search

S&P: Failure to curb debt due to political volatility may pressure Israel rating

‘Delivering specific and effective budget consolidation measures will likely prove considerably more difficult politically compared with this year’s stimulus,’ rating agency warns

Shoshanna Solomon is The Times of Israel's Startups and Business reporter

Benny Gantz, left, and Benjamin Netanyahu in the Knesset during a vote for the parliament to dissolve itself, on December 2, 2020. (Danny Shem Tov/ Knesset Spokesperson)
Benny Gantz, left, and Benjamin Netanyahu in the Knesset during a vote for the parliament to dissolve itself, on December 2, 2020. (Danny Shem Tov/ Knesset Spokesperson)

S&P, the global ratings firm, said on Thursday that continued political fragmentation in Israel and a possible failure to produce a ruling coalition after the elections set for March 2021 could reduce the likelihood of the nation setting out effective measures to rein in its pandemic-inflated debt, which could put pressure on its sovereign ratings.

“Pressure on the ratings could build if net general government debt continued to rise over the medium term,” S&P said in a “bulletin” Thursday, after Israel’s parliament dissolved and new elections were called.

“Delivering specific and effective budget consolidation measures will likely prove considerably more difficult politically compared with this year’s stimulus,” S&P said. “In our view, continued political fragmentation and a possible outcome of a hung parliament in March would act to reduce the likelihood of such measures being adopted.”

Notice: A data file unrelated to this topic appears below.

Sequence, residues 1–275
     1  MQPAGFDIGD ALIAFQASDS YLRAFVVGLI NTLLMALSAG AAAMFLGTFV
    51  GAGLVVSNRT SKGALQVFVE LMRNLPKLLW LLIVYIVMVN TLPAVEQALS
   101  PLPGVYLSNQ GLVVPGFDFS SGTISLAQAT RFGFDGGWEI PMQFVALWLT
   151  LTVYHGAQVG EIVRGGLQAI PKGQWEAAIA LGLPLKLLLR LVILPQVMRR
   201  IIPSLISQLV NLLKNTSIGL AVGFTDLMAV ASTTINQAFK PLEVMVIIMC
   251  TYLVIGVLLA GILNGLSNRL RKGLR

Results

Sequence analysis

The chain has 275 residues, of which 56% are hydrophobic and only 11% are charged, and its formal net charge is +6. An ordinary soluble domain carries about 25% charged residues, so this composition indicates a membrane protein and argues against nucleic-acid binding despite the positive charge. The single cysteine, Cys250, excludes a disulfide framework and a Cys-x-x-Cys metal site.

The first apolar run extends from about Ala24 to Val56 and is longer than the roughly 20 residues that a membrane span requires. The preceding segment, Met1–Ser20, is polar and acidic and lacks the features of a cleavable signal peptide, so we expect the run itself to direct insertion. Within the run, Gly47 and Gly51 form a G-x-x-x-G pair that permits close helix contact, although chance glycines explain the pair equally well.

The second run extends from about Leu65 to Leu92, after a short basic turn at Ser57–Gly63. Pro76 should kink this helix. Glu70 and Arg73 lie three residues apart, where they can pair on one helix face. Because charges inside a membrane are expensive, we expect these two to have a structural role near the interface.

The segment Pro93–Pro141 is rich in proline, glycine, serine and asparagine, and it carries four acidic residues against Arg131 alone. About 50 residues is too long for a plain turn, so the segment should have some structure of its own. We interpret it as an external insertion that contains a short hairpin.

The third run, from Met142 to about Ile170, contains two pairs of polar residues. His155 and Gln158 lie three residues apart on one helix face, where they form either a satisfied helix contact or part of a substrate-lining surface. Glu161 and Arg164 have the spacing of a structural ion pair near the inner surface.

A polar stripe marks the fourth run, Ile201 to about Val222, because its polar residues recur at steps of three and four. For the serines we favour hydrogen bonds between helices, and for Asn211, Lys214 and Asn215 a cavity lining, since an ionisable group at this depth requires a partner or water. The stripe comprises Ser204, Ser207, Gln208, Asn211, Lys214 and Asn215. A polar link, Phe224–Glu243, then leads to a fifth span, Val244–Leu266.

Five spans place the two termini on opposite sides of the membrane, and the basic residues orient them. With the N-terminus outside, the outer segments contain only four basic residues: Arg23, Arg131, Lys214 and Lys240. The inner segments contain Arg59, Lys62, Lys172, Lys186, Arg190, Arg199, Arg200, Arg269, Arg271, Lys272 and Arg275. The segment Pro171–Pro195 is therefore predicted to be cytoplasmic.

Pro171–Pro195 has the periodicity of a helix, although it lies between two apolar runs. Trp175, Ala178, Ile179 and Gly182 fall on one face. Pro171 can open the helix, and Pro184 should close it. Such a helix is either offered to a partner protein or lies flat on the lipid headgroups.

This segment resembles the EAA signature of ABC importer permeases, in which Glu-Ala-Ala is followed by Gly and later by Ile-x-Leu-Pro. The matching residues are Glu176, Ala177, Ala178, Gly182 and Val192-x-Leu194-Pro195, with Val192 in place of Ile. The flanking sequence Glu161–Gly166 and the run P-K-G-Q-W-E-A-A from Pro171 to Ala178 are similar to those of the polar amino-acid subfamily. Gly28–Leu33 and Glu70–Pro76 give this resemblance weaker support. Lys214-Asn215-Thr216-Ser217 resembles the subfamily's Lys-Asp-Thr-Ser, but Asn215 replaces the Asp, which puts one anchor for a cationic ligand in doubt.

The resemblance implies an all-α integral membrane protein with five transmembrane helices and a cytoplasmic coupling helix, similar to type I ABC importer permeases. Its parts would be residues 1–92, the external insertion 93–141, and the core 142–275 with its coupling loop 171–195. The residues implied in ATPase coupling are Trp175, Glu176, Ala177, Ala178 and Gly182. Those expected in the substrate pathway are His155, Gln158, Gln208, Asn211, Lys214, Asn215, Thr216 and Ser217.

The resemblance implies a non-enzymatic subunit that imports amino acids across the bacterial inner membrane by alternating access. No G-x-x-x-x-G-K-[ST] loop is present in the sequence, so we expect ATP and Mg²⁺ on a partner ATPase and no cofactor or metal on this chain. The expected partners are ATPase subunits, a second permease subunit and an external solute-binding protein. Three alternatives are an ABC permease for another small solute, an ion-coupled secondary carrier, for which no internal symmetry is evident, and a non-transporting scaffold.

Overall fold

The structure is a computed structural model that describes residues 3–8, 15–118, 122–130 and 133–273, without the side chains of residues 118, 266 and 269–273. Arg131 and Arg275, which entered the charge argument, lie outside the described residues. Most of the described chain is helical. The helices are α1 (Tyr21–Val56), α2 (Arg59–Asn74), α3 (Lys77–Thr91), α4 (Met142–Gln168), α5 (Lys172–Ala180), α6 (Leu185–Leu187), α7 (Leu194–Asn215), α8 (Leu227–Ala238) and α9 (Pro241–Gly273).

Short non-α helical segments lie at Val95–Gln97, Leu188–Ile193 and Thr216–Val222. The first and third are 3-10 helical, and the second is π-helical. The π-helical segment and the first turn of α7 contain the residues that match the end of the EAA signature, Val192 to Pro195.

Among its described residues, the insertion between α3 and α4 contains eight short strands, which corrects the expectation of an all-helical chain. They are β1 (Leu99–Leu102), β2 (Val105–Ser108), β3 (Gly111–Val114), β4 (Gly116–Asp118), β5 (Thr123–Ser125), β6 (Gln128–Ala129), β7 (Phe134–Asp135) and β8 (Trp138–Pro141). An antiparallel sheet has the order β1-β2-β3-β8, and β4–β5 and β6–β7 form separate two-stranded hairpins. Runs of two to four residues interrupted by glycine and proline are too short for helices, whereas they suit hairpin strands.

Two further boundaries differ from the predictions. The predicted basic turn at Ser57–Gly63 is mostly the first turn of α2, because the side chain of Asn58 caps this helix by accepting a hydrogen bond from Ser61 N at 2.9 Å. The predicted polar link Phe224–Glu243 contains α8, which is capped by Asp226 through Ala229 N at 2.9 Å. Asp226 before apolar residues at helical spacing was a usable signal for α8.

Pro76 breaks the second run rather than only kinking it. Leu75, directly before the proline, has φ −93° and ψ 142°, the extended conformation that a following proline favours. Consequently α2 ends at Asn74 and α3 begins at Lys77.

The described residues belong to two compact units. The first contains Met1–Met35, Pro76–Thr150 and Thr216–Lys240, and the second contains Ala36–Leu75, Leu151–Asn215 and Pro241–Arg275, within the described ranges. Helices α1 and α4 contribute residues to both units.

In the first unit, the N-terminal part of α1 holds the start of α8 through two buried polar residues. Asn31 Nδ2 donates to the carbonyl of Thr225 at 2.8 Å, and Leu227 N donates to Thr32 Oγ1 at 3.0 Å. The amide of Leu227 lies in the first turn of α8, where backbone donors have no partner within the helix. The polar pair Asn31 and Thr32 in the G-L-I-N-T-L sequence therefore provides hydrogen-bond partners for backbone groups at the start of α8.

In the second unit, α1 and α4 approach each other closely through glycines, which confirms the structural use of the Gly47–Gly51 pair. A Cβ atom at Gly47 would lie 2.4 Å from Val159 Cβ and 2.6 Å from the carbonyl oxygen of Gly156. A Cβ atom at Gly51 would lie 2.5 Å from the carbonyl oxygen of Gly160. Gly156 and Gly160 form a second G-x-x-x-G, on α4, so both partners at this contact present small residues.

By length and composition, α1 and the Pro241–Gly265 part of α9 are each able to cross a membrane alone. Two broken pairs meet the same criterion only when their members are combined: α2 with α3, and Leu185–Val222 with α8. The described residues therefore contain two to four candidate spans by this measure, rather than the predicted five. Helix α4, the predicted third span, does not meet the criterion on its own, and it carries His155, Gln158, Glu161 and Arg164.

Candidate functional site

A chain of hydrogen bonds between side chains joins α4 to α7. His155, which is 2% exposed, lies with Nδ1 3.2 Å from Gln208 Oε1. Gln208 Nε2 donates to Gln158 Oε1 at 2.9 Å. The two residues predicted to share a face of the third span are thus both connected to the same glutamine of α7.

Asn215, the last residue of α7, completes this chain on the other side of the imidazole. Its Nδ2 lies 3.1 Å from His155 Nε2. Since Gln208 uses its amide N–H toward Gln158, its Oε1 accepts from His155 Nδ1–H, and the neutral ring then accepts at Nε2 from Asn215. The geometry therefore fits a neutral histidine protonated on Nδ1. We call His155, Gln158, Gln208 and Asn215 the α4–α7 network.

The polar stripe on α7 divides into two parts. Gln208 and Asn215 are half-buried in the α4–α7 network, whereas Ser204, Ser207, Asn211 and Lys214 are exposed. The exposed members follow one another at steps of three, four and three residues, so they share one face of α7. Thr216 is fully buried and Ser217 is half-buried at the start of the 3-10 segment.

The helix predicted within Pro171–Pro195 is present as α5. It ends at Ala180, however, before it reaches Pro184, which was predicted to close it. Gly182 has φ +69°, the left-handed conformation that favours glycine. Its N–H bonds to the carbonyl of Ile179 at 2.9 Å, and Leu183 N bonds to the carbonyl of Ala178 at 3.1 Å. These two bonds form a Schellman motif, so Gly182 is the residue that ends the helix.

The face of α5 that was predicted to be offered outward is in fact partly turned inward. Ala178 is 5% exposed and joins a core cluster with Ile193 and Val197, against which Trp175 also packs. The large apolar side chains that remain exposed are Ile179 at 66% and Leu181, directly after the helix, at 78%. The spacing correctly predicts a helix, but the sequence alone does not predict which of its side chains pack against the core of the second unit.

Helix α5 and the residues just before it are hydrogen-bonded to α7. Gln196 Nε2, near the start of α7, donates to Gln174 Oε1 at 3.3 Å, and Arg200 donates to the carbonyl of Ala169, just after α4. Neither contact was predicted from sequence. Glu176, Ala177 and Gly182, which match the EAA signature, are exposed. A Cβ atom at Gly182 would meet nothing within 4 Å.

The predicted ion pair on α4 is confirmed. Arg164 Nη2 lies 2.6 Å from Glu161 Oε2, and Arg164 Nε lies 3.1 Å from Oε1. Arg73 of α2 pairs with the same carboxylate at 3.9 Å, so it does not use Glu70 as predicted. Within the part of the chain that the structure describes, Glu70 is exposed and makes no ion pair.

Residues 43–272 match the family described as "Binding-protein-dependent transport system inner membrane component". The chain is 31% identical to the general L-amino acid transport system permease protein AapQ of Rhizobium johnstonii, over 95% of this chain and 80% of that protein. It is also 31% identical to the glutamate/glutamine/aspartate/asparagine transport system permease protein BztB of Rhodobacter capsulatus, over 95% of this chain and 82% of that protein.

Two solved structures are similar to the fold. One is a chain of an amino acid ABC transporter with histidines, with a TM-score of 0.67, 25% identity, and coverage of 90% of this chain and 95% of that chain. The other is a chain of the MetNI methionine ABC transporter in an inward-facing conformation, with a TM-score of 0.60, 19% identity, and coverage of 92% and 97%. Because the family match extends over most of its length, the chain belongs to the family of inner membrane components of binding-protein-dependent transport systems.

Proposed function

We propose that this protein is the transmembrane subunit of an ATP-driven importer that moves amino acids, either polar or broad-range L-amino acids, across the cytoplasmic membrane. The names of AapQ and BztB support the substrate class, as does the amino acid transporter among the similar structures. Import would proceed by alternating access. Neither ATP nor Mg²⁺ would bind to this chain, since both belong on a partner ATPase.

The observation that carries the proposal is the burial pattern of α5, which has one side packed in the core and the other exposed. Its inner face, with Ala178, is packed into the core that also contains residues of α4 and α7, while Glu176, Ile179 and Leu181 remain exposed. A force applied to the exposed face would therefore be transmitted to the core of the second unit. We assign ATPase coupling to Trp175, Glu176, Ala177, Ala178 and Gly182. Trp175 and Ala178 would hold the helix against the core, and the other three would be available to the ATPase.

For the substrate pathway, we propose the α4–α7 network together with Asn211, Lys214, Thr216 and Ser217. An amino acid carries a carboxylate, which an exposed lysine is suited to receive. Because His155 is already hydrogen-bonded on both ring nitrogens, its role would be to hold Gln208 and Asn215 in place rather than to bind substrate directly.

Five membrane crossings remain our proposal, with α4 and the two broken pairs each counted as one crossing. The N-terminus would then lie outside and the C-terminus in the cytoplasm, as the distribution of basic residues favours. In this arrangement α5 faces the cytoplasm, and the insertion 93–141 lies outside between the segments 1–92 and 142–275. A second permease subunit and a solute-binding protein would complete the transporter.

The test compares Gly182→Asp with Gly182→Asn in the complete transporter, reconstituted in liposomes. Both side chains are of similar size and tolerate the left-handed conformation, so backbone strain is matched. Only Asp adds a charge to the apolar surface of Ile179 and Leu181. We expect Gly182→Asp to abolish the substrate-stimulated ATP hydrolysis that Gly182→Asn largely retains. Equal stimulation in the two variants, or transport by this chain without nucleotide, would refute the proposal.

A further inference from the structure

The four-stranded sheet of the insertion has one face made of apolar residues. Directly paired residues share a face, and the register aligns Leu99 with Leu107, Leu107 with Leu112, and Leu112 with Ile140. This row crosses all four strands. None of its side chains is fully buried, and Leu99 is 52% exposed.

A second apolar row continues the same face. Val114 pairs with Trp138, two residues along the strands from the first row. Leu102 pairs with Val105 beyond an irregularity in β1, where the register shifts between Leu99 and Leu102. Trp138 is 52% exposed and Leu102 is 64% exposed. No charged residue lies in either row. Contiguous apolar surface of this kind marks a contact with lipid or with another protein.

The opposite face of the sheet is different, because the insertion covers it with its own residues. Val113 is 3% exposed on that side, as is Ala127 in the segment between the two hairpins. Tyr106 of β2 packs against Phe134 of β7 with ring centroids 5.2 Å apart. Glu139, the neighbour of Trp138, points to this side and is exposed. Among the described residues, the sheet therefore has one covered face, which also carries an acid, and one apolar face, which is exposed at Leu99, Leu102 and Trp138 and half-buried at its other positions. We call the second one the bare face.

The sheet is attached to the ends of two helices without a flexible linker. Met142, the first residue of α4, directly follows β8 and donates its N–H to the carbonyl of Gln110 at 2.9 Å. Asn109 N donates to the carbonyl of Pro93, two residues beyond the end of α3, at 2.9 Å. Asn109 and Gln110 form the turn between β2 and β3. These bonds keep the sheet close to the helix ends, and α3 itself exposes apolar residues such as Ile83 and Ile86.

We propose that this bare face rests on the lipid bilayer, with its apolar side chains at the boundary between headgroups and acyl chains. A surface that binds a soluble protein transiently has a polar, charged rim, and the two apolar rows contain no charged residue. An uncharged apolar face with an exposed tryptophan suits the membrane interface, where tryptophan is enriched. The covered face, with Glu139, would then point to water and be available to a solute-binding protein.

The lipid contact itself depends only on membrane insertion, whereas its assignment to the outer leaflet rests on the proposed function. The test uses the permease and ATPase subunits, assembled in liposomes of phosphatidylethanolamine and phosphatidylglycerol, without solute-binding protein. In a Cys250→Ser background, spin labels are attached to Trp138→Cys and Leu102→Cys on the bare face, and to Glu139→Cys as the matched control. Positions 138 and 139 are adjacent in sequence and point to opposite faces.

S&P emphasized that it does not expect any immediate change in Israel’s AA-Stable rating, but, it said, “the continued political brinkmanship and the possibility of another inconclusive election result could increase medium-term fiscal risks.”

The dissolution of parliament was triggered on December 23, after the deadline for the passage of a 2020 budget elapsed, paving the way for the fourth general election in two years.

“Israel has already gone through three inconclusive elections over the past 18 months,” S&P said. “An inconclusive electoral outcome could jeopardize” the formation of a stable government with a clear economic and fiscal policy agenda.

“Elevated political tensions are nothing new in Israel, given its highly polarized ideological and religious landscape,” S&P said. “However, this time the degree of domestic political volatility is compounded by the COVID-19 pandemic as well as the legal trial against incumbent Prime Minister Netanyahu commencing in February next year. We therefore expect uncertainty to remain elevated in the coming months.”

Economic measures to counter the impact of the pandemic, alongside the pandemic’s impact on growth, are expected to increase Israel’s net government debt in 2020, S&P said.

“We estimate a rise to 73% of GDP by the end of 2020, from 59% at year-end 2019, effectively undoing the fiscal consolidation of the last decade in a single year,” the bulletin said.

S&P sees public debt stabilizing at close to 77% of GDP in 2022-23, and the government deficit declining to 4% for the period, based on the assumption that the government will start efforts to consolidate fiscal accounts starting from the second half of 2021.

If that doesn’t happen, given the political instability, the pressure on the ratings could build, S&P said.

The bulletin echoes an interview the Times of Israel held earlier this month with Christian Esters, senior director, analytical manager, Sovereign and International Public Finance Ratings, S&P Global Ratings, who warned that Israel’s political stalemate could hinder its ability to bring spending under control in 2021, triggering a “real risk” of a downgrade of its sovereign rating.

read more:
comments